Crisis of Masculinity in Art

Man Up! Visualizing Masculinity in 19th-Century America
Addison Gallery of American Art
Phillips Academy, Andover, MA
{Click on image for larger viewing size}

All art galleries are closed right now. Rather than trying to entice you to get to an exhibit, I thought I’d post something that you can contemplate intellectually.

A recent Addison Gallery show was a bit misleading in its title, as many of the works were from the 20th century. Nonetheless, its major point was well made and well taken. It’s no secret that American men have major issues. Men are far more likely to carry out acts of aggression/violence, lie, abuse alcohol and drugs, commit crimes, violate norms, transgress rules of civility, harm family members, objectify perceived social inferiors, underachieve academically, and act without empathy. This isn’t my opinion; it’s a problem that has been discussed since Antiquity and is standard discourse in contemporary sociology. You have but to Google “crisis of masculinity” to see what I mean.  

Is that crisis resultant from nature or nurture? Put another way, is it hardwired in the male Y chromosome, or is it a matter of how boys and men are socialized? No art show can resolve that fiery debate, but the Addison Gallery collection intrigues in that it suggests maybe we should pay a lot more attention to men’s roles in society. It is hard to become what cannot be imagined and, at least from the 19th century on, men haven’t had a lot of choices to help them visualize a broader range of gender roles. More pernicious still, men have been raised to define themselves by what they do rather than who they are. That’s not mere semantics. Even positive virtues such as honesty and character are rooted in an individual ethos rather than social/community soil. That’s among the reason men’s psyches too often fracture when they lose their jobs. (Or have to spend too much time at home during a quarantine.)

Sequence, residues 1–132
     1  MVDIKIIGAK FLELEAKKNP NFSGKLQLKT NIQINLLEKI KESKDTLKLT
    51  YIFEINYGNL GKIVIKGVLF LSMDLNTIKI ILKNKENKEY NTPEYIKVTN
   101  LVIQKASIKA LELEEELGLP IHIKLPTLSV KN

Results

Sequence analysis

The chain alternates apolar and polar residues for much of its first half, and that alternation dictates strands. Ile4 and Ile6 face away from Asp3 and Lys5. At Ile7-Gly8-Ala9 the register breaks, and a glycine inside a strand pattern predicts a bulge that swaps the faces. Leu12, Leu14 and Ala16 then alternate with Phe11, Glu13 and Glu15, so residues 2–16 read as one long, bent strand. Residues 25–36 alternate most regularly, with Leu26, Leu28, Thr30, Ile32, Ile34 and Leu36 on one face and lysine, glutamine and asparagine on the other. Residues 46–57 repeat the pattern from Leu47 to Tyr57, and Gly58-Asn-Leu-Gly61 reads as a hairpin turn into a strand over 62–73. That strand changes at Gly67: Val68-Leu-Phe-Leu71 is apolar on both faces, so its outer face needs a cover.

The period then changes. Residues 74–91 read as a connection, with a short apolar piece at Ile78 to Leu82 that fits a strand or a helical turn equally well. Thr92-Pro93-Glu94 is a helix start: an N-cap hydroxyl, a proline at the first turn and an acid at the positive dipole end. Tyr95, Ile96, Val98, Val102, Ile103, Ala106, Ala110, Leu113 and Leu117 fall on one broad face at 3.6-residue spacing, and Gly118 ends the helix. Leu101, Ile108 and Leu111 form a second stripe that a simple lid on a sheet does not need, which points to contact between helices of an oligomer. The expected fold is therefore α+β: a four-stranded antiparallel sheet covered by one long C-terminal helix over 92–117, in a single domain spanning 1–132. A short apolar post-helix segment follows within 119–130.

What’s striking about the Addison collection is how limited male options have been historically. Men can become soldiers and/or political leaders–like Samuel Waldo’s portrait of a determined-looking Andrew Jackson or nearby statues of figures such as Henry Clay–or intrepid sailors and fishermen risking life and limb, as Winslow Homer often documented. Power can also be expressed in the business or academic realm, as we see in Thomas Eakins’ portrait of physicist Henry Augustus Rowland. Notice the commanding presence of Rowland seated in a chair as others toil in the background. 

Mainly men beat the crap out of each other and display their muscles. George Bellows boxing graphics and paintings are savage and raw; Eadweard Muybridge–a pioneer in photographing motion–showed that Bellows wasn’t exaggerating. Muybridge’s photo also suggests homoeroticism, but the very mention of that probably would have led to fisticuffs in the early 20th century. Rudolph Valentino, who was likely gay or bisexual, probably died from internal injuries suffered in such a fight. Paul Cadmus was irrefutably gay, but even his eroticized male bodies, such as those in “Horseplay,” emphasize powerful muscles. Ditto Walter Kuhn's "Acrobat."  

The Addison also challenges us to consider the double crisis experienced by men without defined roles. It’s hard to conjure a female parallel to Edward Hopper’s lonely paintings that ooze alienation.
William Gropper’s “Unemployed” is another poignant example. We observe men queuing for benefits before the gates of a closed factory in the distance, but the foreground consists of military recruitment posters, soapboxers, hucksters, beaten protestors, and a hooded Klansman with a rope awaiting a convenient scapegoat.

Empty Sleeve
 Perhaps the most striking of all is Winslow Homer’s print “Empty Sleeve.” A young man–certainly a Civil war veteran–sits beside a young woman who has the reins of the horse carriage. The man sits in the seat a woman would usually occupy, but her companion’s empty left sleeve makes him unable to command a horse team. That arm was no doubt removed by a battlefield surgeon and is a symbolic emasculation. To further that effect, note that the woman’s veil flies by his head, suggesting that the ex-solider has been both castrated and feminized.   

It is tempting to imagine these images as mere relics of an earlier age. Would that it were so, but there is a considerable body of sociological data that suggests there is much left undone. If recent history is any guide, we shall see elevated levels of the crisis of masculinity when we emerge from COVID-19 isolation.

Rob Weir

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